The 10 Best Restaurants In Santiago De Compostela, Spain
Santiago de Compostela has been designated a UNESCO World Heritage site due to its cultural, religious, and architectural significance, but its culinary scene is also worthy of acclaim. Pay a visit to one of these top restaurants.
Bodegón Os Concheiros is the best place in town to sample the Galician delicacy of polba á feira (boiled octopus). Tender and flavorful, the dish is seasoned here with olive oil, salt, and smoked paprika. The interior is modest – just tables, chairs, and old wine barrels. However, the minimalism shows that the restaurant’s emphasis is on taste rather than aesthetics. This is evident in the other platters available, of jamón asado (strips of roasted ham served with cumin sauce) and pementos de Padrón (small, fried green peppers).
Chef Marcelo Tejedor has formulated an unusual cuisine here at the restaurant that bears his name. He fuses Galician and Japanese cooking as well as elements of Mexican, Peruvian, and Chinese. Recipes like dim sum de cachucha y gambas – dim sum of pork’s head and prawns – showcase Tejedor’s inventiveness. The spirit in which the food is prepared is carried through to the design of the restaurant as well. Casa Marcelo’s open kitchen, communal tables, and reliance on sharing dishes create an immersive dining experience for the guest.
Enxebre is located just a stone’s throw away from Santiago de Compostela’s cathedral, which is the endpoint of the Camino de Santiago. It is worth making your own pilgrimage to the restaurant in order to sample the best of the cuisine from Bierzo. Try caldeirada de pescados (fish stew), croquetas de cacheira (béchamel croquettes) and filloas de aldea (Galician pancakes). The wooden pews and antique cooking equipment lining the walls give the place a charming, old-fashioned feel.
Traditional Galician cuisine with an imaginative twist is the order of the day at O Dezaseis. This is typified in their approach to octopus – their polba is served á grella, or grilled, as opposed to boiled. Also on the menu are xouvas (small, fried fish), chipirones (baby squid) and lacón con grelos (ham with turnips). Produce is always market-fresh. If you’re in need of something light, there is also a tapas, sausage, and cheese menu. Once a stable, the restaurant has wooden beams and stone walls that give the restaurant a rustic ambiance.
Biting off more than you can chew is a real danger at A Taberna do Bispo, as each delicious tapas dish is laid out along the bar for hungry customers to ogle and salivate over. The premise is an effective one – just make sure you don’t order everything at once. Consider trying out their timbal de vieiras, a scallop dish with potatoes, wild mushrooms, shellfish, and port. Once you’ve made your choice, there is a more formal dining area away from the bar for those who don’t trust their self-control.
La Flor, a quirky cafe decorated with art made from recycled materials, has a varied menu of Galician and international food. If you want to try out the former, go for a Galician tosta, which is bread baked in a wooden stove topped with chicharrones, melted cheese, salt flakes, and paprika. For something a little different, the Tandoori burger – Indian-style range chicken with red onions, lettuce, tomato, and mango chutney – should hit the spot. All items are homemade from local produce. In addition, there are a range of tea infusions, coffees, wines, and cocktails to wet your whistle.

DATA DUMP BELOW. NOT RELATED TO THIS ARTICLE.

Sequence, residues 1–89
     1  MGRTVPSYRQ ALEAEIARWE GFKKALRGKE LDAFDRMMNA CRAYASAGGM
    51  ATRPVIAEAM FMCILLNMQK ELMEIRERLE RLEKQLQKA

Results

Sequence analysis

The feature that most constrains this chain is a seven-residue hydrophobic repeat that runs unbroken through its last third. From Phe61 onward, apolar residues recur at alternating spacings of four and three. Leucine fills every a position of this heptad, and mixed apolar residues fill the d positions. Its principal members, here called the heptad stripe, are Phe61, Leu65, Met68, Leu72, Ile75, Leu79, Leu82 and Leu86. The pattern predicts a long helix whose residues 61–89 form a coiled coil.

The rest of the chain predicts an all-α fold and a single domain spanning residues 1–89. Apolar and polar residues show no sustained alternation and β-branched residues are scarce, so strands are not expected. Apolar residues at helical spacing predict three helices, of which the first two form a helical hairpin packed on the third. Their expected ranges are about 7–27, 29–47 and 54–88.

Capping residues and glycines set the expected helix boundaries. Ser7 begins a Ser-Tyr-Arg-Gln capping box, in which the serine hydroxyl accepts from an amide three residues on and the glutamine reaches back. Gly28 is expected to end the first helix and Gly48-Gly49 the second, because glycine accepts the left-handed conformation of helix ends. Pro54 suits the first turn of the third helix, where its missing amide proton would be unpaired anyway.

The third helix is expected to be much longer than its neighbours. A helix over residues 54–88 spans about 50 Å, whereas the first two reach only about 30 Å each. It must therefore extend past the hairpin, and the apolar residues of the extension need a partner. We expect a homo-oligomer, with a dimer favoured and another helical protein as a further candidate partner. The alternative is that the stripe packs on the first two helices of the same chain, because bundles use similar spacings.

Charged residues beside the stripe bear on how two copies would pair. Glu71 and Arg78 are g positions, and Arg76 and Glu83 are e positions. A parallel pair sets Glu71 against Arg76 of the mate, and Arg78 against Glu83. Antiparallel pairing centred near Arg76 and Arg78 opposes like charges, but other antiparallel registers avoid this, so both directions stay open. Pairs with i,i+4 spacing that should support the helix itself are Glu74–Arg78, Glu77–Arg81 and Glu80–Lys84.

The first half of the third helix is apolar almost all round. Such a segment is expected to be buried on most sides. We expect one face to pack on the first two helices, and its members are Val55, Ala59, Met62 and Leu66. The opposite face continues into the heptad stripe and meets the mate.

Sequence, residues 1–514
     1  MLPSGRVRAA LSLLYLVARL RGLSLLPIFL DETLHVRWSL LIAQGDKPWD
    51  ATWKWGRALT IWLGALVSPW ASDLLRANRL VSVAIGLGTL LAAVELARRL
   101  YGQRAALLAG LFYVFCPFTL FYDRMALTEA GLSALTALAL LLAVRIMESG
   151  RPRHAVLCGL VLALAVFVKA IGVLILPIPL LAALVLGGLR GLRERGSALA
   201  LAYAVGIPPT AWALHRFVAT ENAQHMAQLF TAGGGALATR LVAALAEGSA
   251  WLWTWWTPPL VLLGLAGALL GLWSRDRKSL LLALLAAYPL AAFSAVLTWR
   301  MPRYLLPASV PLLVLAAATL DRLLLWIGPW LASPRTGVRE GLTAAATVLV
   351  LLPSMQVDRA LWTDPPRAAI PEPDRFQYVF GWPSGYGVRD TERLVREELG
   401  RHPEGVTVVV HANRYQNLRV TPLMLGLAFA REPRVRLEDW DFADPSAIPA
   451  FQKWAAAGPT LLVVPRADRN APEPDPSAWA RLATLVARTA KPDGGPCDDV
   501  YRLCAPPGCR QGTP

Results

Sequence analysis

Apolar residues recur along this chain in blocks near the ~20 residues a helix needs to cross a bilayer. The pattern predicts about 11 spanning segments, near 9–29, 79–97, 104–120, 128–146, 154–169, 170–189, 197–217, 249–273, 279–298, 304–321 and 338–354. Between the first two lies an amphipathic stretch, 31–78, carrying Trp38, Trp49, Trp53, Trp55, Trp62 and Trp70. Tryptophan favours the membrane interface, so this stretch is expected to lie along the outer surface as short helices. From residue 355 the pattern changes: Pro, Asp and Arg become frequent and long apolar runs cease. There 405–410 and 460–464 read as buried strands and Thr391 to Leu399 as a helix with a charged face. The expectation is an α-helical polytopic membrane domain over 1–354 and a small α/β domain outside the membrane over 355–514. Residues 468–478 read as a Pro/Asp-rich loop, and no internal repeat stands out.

Since 1986 the team behind Los Caracoles has been treating the residents of Santiago de Compostela to their signature dish: snails. They can come served in a smoky paprika sauce, in Albariño (a Galician white wine), or with revueltos. This restaurant is far from a one-trick pony. They also specialize in delectable steaks and a range of seafood, including mussels, clams, cockles, scallops, goose barnacles, calamari, hake, and crab. Situated in the historical center of the city, Los Caracoles offers hearty food for a reasonable price.
A warm welcome awaits you at O Curro da Parra. This is a cozy venue where you can opt for informal tapas bar-style seating on the ground floor or a well-appointed dining room upstairs. Products of Galicia are the main components of the innovative dishes here. These include marinated pork loins with quince jelly and roasted pine nuts, or monkfish with pea purée, truffles, garlic, and olive oil. Bottles from esteemed Spanish wine-producing regions Ribera del Duero, Rioja, and the Galician Rías Baixas and Ribeira Sacra are excellent complements to the food.
Bar, Restaurant, Market, Pub, Tapas, Spanish, Wine, Beer, Cocktails
Abastos 2.0 operates two locations at Santiago de Compostela’s bustling market, the Mercado de Abastos. The offerings are thus as fresh as possible, and due to the market’s proximity the owners run an ever-changing daily menu that differs according to seasonality. At the Ghalpón premises you can receive a selection of five tapas followed by a vegetable dish, fish dish, meat dish, and two desserts. There are also optional matching wines if you’re willing to part with a little more cash. This is a true gastronomic destination in the city.
As a long-time staple of Santiago de Compostela’s culinary scene, O Gato Negro are experts in the preparation of traditional Galician foods. Examples of these traditional foods are berberechos (steamed cockles), orella de cerdo (boiled pig’s ears with paprika), raxo (sautéed pig loin marinated in paprika), and the ubiquitous polbo á feira, or boiled octopus. The restaurant’s lack of ostentation has done no harm to its popularity. As a favorite with the locals, the few coveted seats here fill up fast. If you manage to nab a place, order a cool glass of Estrella Galicia to wash everything down.